These programs still have an element of “progressivity” simply because everyone gets roughly the same benefits, but the amount that they pay is proportional to income. In the private market — private health insurance for example — the same services have the same cost. The tax equivalent would be a poll tax.
I won’t go too much farther with these ideas today, but it has some implications for our previous proposals. For example, what if you had a “fair tax” (a universal sales tax), but NO “prebate”? For one thing, that would allow you to set a lower rate. In today’s system, what if you bundled all Federal healthcare and welfare-related into the payroll tax, with an upper limit to income much like today’s $127,000? Obviously, the tax rate would have to rise. But, this is more-or-less the system in use in many countries today. The associated idea is that we are all paying for certain government services, just like we might pay for car insurance in the private market. People with higher incomes pay more; but, there is an upper limit to how much we would ask them to pay. A person with an income of $10 million doesn’t have to pay effectively $3 million for government healthcare.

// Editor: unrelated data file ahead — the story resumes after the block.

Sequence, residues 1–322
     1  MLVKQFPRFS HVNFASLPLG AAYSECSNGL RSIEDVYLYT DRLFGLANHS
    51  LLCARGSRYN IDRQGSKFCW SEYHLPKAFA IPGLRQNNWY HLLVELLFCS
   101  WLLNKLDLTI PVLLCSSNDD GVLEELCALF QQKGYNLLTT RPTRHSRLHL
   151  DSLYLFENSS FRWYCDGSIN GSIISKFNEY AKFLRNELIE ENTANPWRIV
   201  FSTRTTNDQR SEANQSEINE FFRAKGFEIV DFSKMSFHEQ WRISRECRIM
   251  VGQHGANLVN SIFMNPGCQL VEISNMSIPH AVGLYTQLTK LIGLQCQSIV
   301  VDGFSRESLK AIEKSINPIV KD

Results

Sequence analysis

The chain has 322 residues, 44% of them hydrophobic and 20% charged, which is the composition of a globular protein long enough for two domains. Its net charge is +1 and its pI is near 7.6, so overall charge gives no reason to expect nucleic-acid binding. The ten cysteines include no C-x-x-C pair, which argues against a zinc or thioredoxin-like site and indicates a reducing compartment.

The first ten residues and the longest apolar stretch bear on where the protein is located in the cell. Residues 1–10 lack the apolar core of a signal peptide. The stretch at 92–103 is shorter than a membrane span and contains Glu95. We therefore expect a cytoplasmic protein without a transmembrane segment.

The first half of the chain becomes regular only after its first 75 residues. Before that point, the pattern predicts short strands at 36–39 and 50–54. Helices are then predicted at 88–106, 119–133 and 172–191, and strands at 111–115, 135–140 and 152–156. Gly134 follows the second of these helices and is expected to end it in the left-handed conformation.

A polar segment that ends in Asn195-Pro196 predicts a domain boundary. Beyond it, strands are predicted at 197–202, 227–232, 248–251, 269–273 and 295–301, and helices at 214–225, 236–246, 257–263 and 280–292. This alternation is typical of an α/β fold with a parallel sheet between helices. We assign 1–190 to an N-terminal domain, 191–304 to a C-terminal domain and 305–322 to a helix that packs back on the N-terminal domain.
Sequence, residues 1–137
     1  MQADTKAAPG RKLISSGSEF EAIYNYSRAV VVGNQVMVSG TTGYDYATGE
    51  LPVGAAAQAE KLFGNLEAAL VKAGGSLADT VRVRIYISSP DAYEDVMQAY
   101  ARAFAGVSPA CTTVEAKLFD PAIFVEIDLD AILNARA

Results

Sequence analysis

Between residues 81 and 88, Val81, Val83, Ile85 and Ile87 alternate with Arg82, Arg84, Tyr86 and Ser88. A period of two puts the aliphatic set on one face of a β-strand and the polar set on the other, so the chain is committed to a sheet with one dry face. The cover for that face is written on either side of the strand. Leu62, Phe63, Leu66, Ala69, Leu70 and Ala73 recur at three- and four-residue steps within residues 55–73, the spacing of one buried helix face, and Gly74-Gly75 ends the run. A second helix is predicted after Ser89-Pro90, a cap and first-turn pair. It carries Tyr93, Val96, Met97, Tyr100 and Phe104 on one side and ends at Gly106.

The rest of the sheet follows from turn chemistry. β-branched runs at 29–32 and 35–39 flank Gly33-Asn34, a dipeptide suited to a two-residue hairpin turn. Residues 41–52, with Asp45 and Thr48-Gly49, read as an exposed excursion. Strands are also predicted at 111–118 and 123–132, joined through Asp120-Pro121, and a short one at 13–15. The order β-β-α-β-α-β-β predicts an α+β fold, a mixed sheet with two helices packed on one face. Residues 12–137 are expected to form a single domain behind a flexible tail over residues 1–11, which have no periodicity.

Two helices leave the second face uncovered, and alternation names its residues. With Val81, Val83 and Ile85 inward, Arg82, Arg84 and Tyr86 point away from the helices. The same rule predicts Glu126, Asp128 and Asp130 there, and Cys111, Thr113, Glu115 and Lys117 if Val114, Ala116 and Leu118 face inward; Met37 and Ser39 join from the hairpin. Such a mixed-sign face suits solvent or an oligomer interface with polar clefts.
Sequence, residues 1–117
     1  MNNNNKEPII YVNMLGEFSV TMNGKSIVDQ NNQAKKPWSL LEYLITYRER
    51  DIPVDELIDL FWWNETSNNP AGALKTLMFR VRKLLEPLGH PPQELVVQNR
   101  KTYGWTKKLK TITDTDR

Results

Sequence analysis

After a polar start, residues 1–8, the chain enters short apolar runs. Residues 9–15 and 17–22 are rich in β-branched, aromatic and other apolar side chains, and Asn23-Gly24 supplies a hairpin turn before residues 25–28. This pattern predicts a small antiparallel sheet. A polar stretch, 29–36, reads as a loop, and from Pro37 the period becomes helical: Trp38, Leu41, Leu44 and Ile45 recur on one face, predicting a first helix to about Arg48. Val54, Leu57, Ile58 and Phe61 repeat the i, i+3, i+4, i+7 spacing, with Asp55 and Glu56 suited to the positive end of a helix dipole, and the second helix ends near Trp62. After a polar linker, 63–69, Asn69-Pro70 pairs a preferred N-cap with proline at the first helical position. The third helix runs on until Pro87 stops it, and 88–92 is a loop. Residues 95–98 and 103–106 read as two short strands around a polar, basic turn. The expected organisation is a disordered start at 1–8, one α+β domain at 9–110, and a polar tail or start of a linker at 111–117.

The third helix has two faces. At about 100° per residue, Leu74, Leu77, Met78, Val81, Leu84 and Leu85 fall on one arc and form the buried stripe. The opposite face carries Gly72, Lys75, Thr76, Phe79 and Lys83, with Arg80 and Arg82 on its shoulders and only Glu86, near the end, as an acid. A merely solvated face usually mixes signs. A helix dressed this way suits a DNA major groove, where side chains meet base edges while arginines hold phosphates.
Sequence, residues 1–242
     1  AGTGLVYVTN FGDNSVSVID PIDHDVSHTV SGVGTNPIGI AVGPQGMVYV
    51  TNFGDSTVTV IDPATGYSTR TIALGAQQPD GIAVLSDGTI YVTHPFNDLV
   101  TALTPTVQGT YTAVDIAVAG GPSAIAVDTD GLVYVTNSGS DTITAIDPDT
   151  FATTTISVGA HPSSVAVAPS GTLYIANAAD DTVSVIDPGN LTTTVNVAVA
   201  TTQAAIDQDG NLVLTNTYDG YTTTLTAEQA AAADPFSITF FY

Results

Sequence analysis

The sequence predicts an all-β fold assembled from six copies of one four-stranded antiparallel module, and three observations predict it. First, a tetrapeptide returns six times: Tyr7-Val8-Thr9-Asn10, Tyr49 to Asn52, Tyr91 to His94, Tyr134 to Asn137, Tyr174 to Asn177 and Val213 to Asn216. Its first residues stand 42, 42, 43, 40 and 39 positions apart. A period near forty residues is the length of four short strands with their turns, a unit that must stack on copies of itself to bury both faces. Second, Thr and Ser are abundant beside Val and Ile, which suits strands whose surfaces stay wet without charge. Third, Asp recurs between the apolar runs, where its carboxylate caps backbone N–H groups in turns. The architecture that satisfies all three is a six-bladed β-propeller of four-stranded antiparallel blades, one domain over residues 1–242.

In general, all discussions of this sort tend to flounder on the need to raise very large amounts of money. You are going to have to tax a lot of people at uncomfortably high rates. There has been a tendency to invent wonderfully perfect theoretical tax systems, that are applied to today’s laughably imperfect spending programs. This doesn’t make much sense. Everything tends to work out much better if we assume revenue/GDP levels under 20%. Then, it is easy to design systems with tolerably low rates. These tend to imply the use of “provident fund”-type systems, for example, the private account pension programs used by over thirty countries today, including Hong Kong and Singapore. This, in turn, brings up the question as to the difference between a mandatory contribution to a privately-owned account that holds real-world financial assets, as opposed to a tax. I think they are indeed different, and are treated differently by taxpayers. Singapore’s mandatory contribution rate is 37%, into a privately-owned account that can be used for housing, healthcare, education and retirement savings. The overall effect is very different, I gather, than if Singapore applied a 37% payroll tax, and then provided these government services in return.